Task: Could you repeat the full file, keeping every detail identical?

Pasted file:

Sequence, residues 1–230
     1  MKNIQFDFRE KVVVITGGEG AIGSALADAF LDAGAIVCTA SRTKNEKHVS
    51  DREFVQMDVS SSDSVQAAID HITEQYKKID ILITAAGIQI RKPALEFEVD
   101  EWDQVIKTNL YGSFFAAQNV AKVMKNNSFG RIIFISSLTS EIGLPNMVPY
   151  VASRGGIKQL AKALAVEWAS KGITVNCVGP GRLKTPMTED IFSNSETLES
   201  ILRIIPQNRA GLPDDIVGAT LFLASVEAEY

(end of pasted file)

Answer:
Sequence, residues 1–230
     1  MKNIQFDFRE KVVVITGGEG AIGSALADAF LDAGAIVCTA SRTKNEKHVS
    51  DREFVQMDVS SSDSVQAAID HITEQYKKID ILITAAGIQI RKPALEFEVD
   101  EWDQVIKTNL YGSFFAAQNV AKVMKNNSFG RIIFISSLTS EIGLPNMVPY
   151  VASRGGIKQL AKALAVEWAS KGITVNCVGP GRLKTPMTED IFSNSETLES
   201  ILRIIPQNRA GLPDDIVGAT LFLASVEAEY